16 Apr Finding Your Voice Online During COVID19

With the entire world going online, our team at SocialCow has been busy helping our clients do the same. Within the last four weeks, we’ve helped a dozen businesses go from from strictly brick and mortar to providing services online.


Here are a few ways we’ve been able to do that:

  1. Set up e-commerce stores.
  2. Set up virtual consultations with automated sequences.
  3. Created educational assets to generate leads and sell.
  4. Created partnerships for clients to be able to sell others’ products for a commission.


Creating the infrastructure for these ventures is something we do regularly, but finding the right voice to market them with required constant social listening.


We use social listening, or the gathering of information people talk about on social platforms, to pick up the public’s sentiment on a variety of topics. On a big scale, it provides us with a fine-tuned understanding of how people are feeling. As you can imagine, sentiment doesn’t change over night – unless something big happens.


How has the pandemic affected people’s sentiment?

Since COVID19 was classified as a pandemic, our team has been glued to our social listening tools. Sentiment is changing daily depending on the city, state, occupation and now employment of each user. We haven’t seen such frequent and divisive change in sentiment before while social listening tools were available.


How does that affect your business?

As a business owner, sales professional or marketer, you must understand the mental state of your audience in order to be effective.


Let’s take a look at the most common feeling across the world right now: fear.


When a small child is afraid, is it effective to tell them to get over it? Maybe short-term, but for as long as they don’t understand the source of their own fear or have a solution for it, that fear will continue coming back. And you missed out on the opportunity to resolve it.


What can I do to thrive in the pandemic?

Develop a message and voice that your audience can resonate with.


If your potential customer is scared and your product or service can help them dissolve that fear, there are two things you must consider:

  • How you can help them understand their fear and then organically resolve it with your offering
  • Your “tone” of voice.


We have been working with brands nationwide to help them get in front of their ideal audience in a way that shows support, delivers solutions and most importantly – does not worsen the pain.


The best way to carry your tone across to your customers is by making videos. Words can get lost in translation and during a time of self-isolation, people want face-to-face interaction.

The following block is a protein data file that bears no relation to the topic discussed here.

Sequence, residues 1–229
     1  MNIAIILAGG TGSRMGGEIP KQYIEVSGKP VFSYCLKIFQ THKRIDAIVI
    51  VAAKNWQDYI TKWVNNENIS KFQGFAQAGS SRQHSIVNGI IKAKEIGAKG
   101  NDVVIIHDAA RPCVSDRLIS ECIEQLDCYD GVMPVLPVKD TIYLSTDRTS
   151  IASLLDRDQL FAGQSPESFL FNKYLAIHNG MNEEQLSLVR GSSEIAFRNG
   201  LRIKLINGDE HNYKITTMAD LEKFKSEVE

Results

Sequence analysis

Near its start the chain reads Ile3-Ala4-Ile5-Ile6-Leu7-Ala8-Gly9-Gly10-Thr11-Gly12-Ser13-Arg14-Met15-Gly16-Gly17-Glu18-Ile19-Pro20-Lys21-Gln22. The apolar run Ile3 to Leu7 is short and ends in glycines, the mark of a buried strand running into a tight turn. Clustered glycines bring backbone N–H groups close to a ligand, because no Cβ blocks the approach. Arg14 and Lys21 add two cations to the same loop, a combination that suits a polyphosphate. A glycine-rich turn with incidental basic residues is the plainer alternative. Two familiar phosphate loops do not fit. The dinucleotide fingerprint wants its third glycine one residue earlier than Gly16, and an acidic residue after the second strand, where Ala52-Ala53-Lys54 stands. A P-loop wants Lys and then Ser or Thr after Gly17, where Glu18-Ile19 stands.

Explainer videos, in particular, help people engage with your product or service so as long as it clearly provides a solution to their current pain.


Give me an example.

We’ve seen some businesses use messaging that comes across as dismissive of their audience’s fears.

Although their intention is to help people prosper with their services, they paint a picture that portrays people who are not buying their services because of fear as “less” than those who understand investments.


This “bullying” marketing technique can be effective short-term in normal circumstances, although we never recommend or utilize it. This method causes high rate of returns and dissatisfaction as customers are more likely to experience a phenomena known as “buyers’ remorse”.


What do you recommend?

Instead, there is an opportunity to calm, educate, inspire and guide. By creating educational videos that describe the business’ intention to help clients take advantage of the times and become more financially secure, the business can authentically build trust with their potential clients.


What the video should include:

A representative of the business. Ideally, it will be one who has a confident voice and facial features attributed to a trustworthy individual. Faces that look more baby-like, have feminine characteristics (rounder, softer) and look happy even without smiling have been found to be most trustworthy.


Mention of the current times. Depending on how directly your service or product helps those affected by the pandemic, mention the current situation either directly or indirectly. In an understanding and compassionate way, speak to the emotions your audience may be having that your product or service can help calm. If the representative has a similar story of when they once felt like this, sharing it can help build trust.


Educate your audience. Include examples of how your offering is helping people like your audience feel more secure.


Position your service or product as a solution. You must create a clear link of how your product or service can help resolve your audience’s pain. This should be done only after a sufficient amount of trust has been developed. In some cases, this may be a separate video sent to the same audience at the end of a series.


If you need help finding your voice during this pandemic or beyond, schedule a consultation here: http://bit.ly/meetmoo